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Badilisha Lugha KISWAHILI

Let peace prevail in the Isles

20th October 2012
Editorial Cartoon

Zanzibar President Dr Mohamed Shein faces a bit of the devil’s choice following this week’s sporadic chaos in the Indian Ocean’s archipelago. The sporadic chaos going on in the Isles threatens peace, not just in Zanzibar, but could also have serious repercussions across the United Republic if not contained in time.

Much as he would love to exercise patience over people who are out to cause chaos in the name of religion, it is imperative that he moves decisively—and timely too—in order to contain the situation in Zanzibar.

This is not the first time such unrest has threatened public safety in the Isles; similar public skirmishes swept across the Isles in 2001 when a police officer got killed; then the police themselves retaliated and literally mowed people at random.

As happened ten years ago, a police officer has been killed by a group of people under the umbrella of Islamic revival, or reawakening. While we uphold freedom of worship, we take great exception at any moves aimed at disrupting public peace under any excuse—including religion.

Those behind the killing of the Field Force Unit (FFU) soldier must face the full force of the law, and the government in Zanzibar must facilitate its law enforcement institutions in making sure that the law takes its course.

Zanzibar is literally a village where everybody knows everyone else; it beats the wits out of everyone that one Sheikh Farid Hadi Ahmed, the self-styled leader of ‘Uamsho’ could disappear into oblivion just like that. The Zanzibar police owe the public some explaining.

While his zealots accuse the government of ‘hiding’ Sheikh Farid, the Isles government on its part says the man has simply disappeared. The man must not only be tracked down but those behind his disappearance must also be brought to book.

For it is quite unlikely that Sheikh Farid is not without company. It is in the interest of the Isles government to pursue the issue more diligently than hitherto. However, the search for the elusive sheikh must not take precedence over the search for public peace and stability, both of which are threatened.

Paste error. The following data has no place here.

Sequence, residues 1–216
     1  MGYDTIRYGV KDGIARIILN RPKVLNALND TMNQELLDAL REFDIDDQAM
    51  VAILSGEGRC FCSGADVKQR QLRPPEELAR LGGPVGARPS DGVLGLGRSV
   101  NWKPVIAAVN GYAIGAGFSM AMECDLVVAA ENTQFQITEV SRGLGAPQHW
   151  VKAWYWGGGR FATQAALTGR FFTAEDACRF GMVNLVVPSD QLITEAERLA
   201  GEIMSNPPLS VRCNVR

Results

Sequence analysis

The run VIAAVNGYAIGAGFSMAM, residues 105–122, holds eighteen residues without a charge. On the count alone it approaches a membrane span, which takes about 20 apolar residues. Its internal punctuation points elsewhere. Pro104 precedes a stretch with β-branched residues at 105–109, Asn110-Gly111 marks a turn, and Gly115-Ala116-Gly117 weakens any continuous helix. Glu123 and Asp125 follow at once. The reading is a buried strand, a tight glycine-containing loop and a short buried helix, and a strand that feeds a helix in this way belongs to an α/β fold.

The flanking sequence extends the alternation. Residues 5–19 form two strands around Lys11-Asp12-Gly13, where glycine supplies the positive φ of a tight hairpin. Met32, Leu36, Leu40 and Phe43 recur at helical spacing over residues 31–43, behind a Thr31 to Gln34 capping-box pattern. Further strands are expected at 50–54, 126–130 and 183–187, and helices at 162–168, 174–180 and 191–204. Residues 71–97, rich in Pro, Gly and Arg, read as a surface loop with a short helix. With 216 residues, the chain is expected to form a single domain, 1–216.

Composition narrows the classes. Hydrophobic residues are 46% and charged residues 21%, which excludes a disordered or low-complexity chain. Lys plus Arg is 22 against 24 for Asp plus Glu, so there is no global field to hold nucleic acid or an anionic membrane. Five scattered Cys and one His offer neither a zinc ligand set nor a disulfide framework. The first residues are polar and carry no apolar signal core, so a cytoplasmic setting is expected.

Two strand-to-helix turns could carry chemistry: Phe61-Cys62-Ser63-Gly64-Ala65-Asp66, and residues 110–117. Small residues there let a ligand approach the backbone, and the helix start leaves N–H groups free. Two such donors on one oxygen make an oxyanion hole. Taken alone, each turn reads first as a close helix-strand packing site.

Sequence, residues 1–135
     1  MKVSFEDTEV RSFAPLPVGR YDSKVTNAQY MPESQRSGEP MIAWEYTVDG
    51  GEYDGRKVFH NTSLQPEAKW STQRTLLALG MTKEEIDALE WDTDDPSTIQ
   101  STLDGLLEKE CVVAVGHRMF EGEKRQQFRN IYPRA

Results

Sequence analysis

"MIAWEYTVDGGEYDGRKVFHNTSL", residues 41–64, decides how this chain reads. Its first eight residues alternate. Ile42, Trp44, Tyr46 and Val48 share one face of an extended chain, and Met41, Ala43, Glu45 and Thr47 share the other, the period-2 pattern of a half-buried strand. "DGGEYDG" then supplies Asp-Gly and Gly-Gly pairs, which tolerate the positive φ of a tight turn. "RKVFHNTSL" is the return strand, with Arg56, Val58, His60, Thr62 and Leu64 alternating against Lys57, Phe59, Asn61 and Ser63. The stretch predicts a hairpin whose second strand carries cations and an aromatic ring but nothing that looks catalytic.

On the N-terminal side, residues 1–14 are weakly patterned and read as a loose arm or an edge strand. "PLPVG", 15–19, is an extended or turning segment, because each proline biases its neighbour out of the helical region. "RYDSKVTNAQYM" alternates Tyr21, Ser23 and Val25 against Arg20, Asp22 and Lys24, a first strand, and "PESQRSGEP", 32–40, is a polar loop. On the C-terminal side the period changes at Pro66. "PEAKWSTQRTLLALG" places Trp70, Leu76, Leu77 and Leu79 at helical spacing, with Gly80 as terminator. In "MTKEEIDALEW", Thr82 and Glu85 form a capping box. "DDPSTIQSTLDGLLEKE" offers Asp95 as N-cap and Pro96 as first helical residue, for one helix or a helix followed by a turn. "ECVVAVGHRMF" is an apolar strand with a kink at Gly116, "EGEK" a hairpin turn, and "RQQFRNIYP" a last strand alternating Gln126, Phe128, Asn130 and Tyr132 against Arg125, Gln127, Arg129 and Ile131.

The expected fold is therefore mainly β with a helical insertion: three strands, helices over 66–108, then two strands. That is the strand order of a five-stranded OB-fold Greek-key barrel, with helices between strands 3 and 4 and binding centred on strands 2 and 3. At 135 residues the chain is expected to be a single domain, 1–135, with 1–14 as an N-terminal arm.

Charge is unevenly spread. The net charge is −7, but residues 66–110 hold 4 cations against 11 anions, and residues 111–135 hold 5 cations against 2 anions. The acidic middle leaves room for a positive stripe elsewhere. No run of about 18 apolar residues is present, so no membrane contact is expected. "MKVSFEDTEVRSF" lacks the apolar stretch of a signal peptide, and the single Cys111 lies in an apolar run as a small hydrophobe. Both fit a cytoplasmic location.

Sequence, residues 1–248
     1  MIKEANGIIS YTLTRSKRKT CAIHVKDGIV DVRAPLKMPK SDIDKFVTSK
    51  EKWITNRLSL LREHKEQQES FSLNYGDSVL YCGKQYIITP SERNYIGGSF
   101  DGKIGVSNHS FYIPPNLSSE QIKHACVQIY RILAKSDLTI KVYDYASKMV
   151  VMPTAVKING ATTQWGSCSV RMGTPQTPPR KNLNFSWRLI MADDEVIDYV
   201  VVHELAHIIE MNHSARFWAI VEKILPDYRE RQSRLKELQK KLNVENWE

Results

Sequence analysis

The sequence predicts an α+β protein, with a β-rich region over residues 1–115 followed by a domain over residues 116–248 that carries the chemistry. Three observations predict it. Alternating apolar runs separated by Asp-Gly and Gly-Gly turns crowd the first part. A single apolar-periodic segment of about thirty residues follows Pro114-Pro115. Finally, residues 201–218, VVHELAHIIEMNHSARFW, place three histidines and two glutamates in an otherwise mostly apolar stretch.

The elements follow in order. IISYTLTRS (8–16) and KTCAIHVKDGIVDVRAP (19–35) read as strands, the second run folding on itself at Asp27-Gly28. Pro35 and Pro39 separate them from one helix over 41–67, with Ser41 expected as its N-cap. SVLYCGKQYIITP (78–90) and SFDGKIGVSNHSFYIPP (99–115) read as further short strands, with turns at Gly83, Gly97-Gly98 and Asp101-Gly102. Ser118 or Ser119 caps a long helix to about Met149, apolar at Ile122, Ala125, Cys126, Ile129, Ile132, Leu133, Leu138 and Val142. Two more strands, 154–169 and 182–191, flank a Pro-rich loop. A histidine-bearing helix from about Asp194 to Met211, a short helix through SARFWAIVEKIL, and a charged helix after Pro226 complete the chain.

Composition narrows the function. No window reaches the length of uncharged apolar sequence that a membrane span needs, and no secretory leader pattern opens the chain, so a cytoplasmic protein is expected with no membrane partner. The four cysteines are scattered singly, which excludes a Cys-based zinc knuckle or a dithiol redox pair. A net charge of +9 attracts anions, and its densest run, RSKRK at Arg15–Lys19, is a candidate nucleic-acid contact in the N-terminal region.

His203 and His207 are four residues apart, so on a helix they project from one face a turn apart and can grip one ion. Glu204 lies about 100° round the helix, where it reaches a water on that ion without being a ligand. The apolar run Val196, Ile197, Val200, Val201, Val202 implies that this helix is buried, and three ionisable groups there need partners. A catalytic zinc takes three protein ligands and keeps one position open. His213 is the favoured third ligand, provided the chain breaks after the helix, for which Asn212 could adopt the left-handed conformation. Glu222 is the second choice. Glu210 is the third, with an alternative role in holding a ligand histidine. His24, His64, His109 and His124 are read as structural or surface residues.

According to a government statement, public unrest that threatened peace in the Isles two days ago is being caused by a group of youth believed to be followers of Sheikh Farid, so the man must be sought and brought to account as a matter of urgency. We cannot possibly entertain personal armies in this country under any excuse.

The so-called Uamsho should not provide for crime because those youths causing trouble are nothing but criminals; and the police in Zanzibar should deal with them like they deal with all criminals. As things stand now, it could appear like the sheikh is holding the Zanzibar public to ransom – using unruly youths to cause chaos.

Those behind the street fights at Darajani, Michenzani, Mwembeladu, Magomeni and Amani are doing so using very lame excuses – the so-called ‘disappearance of their religious leader, for which they hold the government responsible. In the meantime, all law enforcement agencies say they do not know Sheikh Farid’s whereabouts.

In a small place like Zanzibar, that says a lot about the Isles police. As the old cliche goes, no stone should remain unturned in the search for this man. We trust that the authorities in Zanzibar have what it takes to track him down.


In the meantime, may peace prevail in Zanzibar.

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